50,000 words in one month (in other words, a full length novel) may seem impossible. NaNoWriMo (National Novel Writing Month) is an event that happens all over the world during the month of November. During this event writers set goals for themselves, the most common one being 50,000 words (1,667 words every day).
I completed NaNoWriMo both the previous times I attempted it, in 2017 (when I wrote Defenders of Lord Havom books 3 and 4, both 25k words long) and in 2018 (Defenders of Lord Havom books 6 and 7). This year, because I am homeschooling and have a more flexible schedule, I set my goal for something I knew I could reach.
I doubled the challenge.
And I met my goal with 100,317 as my final word count.
I started crafting my outline in August and had plenty of time to polish it off before I had to follow it. Every day in November I went to sleep at 8:30pm, set my alarm at 4:55am, got up, and wrote for four hours, reaching the daily goal of 3,334 words every day. With the font size (11) and line spacing (double) I chose, I wrote fifteen pages daily.
So, what exactly was I writing about?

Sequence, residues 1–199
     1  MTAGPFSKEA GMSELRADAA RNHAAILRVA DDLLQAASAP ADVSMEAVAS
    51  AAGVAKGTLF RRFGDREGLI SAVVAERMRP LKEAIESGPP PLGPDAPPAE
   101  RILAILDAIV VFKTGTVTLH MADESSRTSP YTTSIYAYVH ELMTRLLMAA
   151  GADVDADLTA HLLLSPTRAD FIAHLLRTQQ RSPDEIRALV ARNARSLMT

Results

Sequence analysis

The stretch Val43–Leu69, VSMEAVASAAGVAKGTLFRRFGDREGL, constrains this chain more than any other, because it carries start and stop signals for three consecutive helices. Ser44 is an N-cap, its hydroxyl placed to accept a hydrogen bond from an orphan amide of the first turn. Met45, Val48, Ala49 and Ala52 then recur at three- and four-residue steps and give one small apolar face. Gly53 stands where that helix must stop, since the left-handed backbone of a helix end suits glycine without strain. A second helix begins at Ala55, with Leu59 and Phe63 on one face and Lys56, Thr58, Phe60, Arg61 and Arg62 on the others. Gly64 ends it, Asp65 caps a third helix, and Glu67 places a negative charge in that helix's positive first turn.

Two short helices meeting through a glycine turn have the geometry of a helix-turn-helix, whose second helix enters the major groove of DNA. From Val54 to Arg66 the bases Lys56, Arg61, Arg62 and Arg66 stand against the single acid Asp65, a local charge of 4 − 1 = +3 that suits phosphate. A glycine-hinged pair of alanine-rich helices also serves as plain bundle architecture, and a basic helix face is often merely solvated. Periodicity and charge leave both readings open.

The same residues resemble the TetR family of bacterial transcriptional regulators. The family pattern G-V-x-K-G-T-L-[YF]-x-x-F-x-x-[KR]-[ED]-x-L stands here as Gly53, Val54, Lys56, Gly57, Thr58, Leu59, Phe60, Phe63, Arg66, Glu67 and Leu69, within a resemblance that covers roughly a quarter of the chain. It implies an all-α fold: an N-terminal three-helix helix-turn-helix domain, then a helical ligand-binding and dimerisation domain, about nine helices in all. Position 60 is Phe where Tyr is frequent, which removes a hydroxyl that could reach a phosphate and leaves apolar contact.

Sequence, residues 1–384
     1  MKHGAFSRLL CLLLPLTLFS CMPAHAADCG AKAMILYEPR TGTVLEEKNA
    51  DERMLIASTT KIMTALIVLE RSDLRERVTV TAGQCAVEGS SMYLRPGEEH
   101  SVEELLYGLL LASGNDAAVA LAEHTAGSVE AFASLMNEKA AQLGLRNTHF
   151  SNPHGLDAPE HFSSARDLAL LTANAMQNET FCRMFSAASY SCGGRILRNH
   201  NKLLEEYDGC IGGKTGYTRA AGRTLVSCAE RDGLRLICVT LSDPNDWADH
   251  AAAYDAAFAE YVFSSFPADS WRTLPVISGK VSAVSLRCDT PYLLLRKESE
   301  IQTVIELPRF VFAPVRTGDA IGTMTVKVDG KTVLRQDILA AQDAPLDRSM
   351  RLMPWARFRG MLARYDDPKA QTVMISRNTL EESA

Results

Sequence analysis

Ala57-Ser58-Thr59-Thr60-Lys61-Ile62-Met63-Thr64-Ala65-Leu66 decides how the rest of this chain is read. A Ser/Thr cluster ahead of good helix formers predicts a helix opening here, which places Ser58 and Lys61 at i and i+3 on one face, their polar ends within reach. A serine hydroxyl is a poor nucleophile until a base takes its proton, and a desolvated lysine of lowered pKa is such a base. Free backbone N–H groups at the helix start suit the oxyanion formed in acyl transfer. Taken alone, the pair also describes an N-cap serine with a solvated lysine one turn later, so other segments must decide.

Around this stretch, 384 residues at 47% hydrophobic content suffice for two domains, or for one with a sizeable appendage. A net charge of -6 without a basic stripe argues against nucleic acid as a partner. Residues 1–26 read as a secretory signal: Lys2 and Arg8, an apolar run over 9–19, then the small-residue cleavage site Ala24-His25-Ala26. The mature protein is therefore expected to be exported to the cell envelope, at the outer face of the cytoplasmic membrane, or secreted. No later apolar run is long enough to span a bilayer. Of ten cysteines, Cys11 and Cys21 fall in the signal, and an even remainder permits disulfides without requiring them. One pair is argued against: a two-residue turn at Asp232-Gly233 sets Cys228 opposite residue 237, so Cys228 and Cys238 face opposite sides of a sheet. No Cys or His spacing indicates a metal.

You may remember a post a while back about new maps and a story involving timelines. In November I wrote the first two books in a new series with my very own type of time travel. The first book is titled “Memory from the Ashes” and the second “Freedom in the Wind”. Each book has two main characters, one from the past and one in the present. Below is the “back blurb” telling what Memory from the Ashes is about.
Update: Due to the immense changes in Memory from the Ashes, now titled “Awake, Awoke”, I have scrapped the second book and plan to completely rewrite it.
Time is a fragile, dangerous thing.
When Yithmora awakes from an eight hundred year coma to discover the world she knew has drastically changed, she sets out to find answers. Accompanied by a student of the Soko Guild, a fox-like creature who swore to protect her, and a dormant memory, it’s a race against the hourglass to return to her home timeline so she can make things right.
Or watch as the world falls to ashes around her.
Healing takes energy and time.
Yithmora is low on both.
She has the ability to heal others, sacrificing part of her lifespan with each cure. And her lifespan is dwindling. When she wakes from an eight hundred year coma and learns she has less than a year to live, she risks losing it all. She must face plague-carrying insects guarding the gateway of time to return home and restore her lifespan. Along the way, she begins to realize how much the future needs her, but her generosity could cost her her life.
Meanwhile, eight hundred years earlier, fifteen-year-old Rin Tathalian is little more than a slave. Afraid of his own mind control capabilities, he must confront his fears to rescue his parents from a greedy general. Surrounded by betrayal, hidden pasts, slavery and war; a string of seemingly random explosions is the least of his concerns.
Timelines merge in unexpected ways, and hard truths must be revealed to clear a path home. For them both.